Venture capitalists hedge optical bets



Investment in startup optical-networking companies, once a steady stream, has slowed to a trickle. In fact, there has been a 50-70% reduction in the amount of capital flowing into the optical sector over the last two years. Venture capital (VC) firms are getting particular about who gets funded and who doesn't-and they're holding onto their wallets unless they hear a very compelling story. The list of companies fitting that criteria is shrinking, they say.

"Today, you've got to not only convince one or two VCs, but you need to convince a half-dozen or more that you have a compelling idea," says Bill Cadogan, general partner at St. Paul Venture Capital (Minneapolis). "More than anything else, VCs don't want to be alone in a deal. They want to see strong syndicates and multiple investors that have enough money to carry the company through these challenging times."

Cadogan likens the VC environment as a cycle alternating between greed and fear. Two years ago, investors were elbowing each other out of deals to get a bigger piece of a particular company. Today, that greed has given way to fear and uncertainty.

"As they observe this seemingly never-ending downturn, they can't afford to be caught in the middle when a company runs out of money," says Cadogan. "They need a few other players around the table that can stitch together an inside round, if necessary, to keep a company going. So it's a rather dramatic change in terms of outlook."

As incumbent local-exchange carriers (ILECs) pare back on their capital spending plans, it has a snowball effect on equipment vendors, large and small. The optical sector is more entrenched than ever before, and they are targeting money at "here and now" products that address the ILECs' pain points.

The "paradigm changing" companies that were touting the birth of bleeding-edge technologies like all-optical switching and convergence onto an all-IP network are struggling to get funding today. The optical technology outlook-once just around the corner-has been delayed, and nobody is sure of when some of these legitimate technologies will once again gain traction.

U.S. vs. U.K. investment
A similar downturn is affecting investment in the United Kingdom., although not nearly as severe as in the United States. That may be due to the European community remaining true to their capital spending directions and still spending, although not in large quantities, in support of their original strategic or architectural plan of two years ago.

"I believe [that] in Europe the highs were not as high, and the lows were not as low," says Cadogan. "They never really saw the irrational exuberance that we saw here in the U.S., followed by the despair that a number of startups are feeling today. Rather, I think they've had a much more balanced point of view through the last two or three years."

However, the European optical market has still slowed significantly and the number of funded deals has noticeably decreased. Everardo Ruiz, senior manager for strategic investments in optical and wireless at Intel Capital, has a less optimistic view of the telecommunications economy in Europe.

"Optical communications, whether we're discussing systems or components, is a global business," says Ruiz. "The economic climate worldwide has slowed, affecting everyone in and outside of the U.K. VC has returned to a more reasonable, normal time where doing solid due diligence is an integral part of the process. For 'follow-on' deals, strong investors continue to support promising companies but at much lower valuations.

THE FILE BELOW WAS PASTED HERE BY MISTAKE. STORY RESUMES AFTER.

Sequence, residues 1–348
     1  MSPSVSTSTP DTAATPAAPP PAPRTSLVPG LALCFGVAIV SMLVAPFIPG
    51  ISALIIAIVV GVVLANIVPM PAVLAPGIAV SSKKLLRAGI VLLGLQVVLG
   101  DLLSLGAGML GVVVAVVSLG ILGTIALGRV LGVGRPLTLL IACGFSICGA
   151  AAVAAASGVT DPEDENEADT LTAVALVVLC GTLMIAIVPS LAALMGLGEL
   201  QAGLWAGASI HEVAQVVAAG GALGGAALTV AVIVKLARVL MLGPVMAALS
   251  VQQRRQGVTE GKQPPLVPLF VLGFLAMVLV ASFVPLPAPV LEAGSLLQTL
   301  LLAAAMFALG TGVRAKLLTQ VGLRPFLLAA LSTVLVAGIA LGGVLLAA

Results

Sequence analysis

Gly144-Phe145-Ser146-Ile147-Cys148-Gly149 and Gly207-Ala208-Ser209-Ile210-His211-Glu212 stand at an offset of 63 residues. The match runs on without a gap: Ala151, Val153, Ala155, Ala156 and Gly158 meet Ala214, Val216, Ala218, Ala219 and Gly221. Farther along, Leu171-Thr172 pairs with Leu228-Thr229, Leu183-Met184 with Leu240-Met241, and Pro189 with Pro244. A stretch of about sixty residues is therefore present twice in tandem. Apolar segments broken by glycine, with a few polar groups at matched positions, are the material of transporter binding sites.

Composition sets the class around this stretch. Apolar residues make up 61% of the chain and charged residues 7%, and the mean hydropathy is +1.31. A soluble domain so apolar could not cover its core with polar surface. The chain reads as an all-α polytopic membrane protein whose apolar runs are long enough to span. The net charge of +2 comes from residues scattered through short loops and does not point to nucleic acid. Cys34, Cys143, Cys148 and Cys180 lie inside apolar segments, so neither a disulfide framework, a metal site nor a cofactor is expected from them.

In both the U.S. and U.K., the days of three guys and a business plan at $30 million pre-money valuation are over-finally."

Who gets the money?
So what does it take for startup optical companies to get the attention of the VC community? Both Cadogan and Ruiz agree that a strong management team, with experience and focus, is the key. The focus of the management team should involve three concepts: focused strategy, strong financial controls, and customer traction.

The technology must focus on solving a real "hot button" from the customer while leveraging existing infrastructure. The company must demonstrate financial controls in terms of spend rate, because funding is no longer automatic. Finally, the product has to be advanced enough so customers understand it and react to it, showing a positive predisposition to buy the product when it becomes available.

"All three points are verified through due diligence," says Cadogan, "and if all three are not in place, there are lots more deals out there that are competing for the money. VCs today can be very selective in terms of where they choose to invest."

The timeline to recovery is anyone's guess. Some market researchers suggest an economic resurgence in about two years. The power has swung over to the ILEC purchasers who are asking for faster, cheaper, better, easier to install, and easier to maintain.

Technologies expected to lead the way to recovery include Gigabit Ethernet, tunable technologies, semiconductor-based components, and software. The bottom line is that ILECs are "all ears" when it comes to reducing capital expenditures and to neat twists on provisioning efficiency whereby they can also reduce operating expenditures.

VCs are still interested in investing in optical technologies but not until after due diligence has been satisfied. "Some investors are avoiding the optical sector after being burned," says Ruiz. "I think this is a great time to invest in solid teams and real revenue companies at very attractive valuations."

More in Companies